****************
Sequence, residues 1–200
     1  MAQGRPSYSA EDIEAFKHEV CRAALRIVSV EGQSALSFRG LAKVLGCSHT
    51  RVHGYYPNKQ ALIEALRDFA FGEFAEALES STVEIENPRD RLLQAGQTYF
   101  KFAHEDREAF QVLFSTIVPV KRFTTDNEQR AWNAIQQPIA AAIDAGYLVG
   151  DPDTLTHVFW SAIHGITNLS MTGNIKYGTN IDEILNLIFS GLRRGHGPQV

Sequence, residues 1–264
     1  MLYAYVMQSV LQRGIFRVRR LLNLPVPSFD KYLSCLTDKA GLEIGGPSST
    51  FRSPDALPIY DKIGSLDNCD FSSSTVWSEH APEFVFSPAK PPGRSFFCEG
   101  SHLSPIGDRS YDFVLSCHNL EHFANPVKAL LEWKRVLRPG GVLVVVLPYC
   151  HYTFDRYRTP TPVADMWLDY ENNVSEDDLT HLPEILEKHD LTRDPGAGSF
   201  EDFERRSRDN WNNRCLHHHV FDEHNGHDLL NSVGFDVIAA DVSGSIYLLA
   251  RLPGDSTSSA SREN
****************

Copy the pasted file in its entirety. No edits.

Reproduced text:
Sequence, residues 1–200
     1  MAQGRPSYSA EDIEAFKHEV CRAALRIVSV EGQSALSFRG LAKVLGCSHT
    51  RVHGYYPNKQ ALIEALRDFA FGEFAEALES STVEIENPRD RLLQAGQTYF
   101  KFAHEDREAF QVLFSTIVPV KRFTTDNEQR AWNAIQQPIA AAIDAGYLVG
   151  DPDTLTHVFW SAIHGITNLS MTGNIKYGTN IDEILNLIFS GLRRGHGPQV

Sequence, residues 1–264
     1  MLYAYVMQSV LQRGIFRVRR LLNLPVPSFD KYLSCLTDKA GLEIGGPSST
    51  FRSPDALPIY DKIGSLDNCD FSSSTVWSEH APEFVFSPAK PPGRSFFCEG
   101  SHLSPIGDRS YDFVLSCHNL EHFANPVKAL LEWKRVLRPG GVLVVVLPYC
   151  HYTFDRYRTP TPVADMWLDY ENNVSEDDLT HLPEILEKHD LTRDPGAGSF
   201  EDFERRSRDN WNNRCLHHHV FDEHNGHDLL NSVGFDVIAA DVSGSIYLLA
   251  RLPGDSTSSA SREN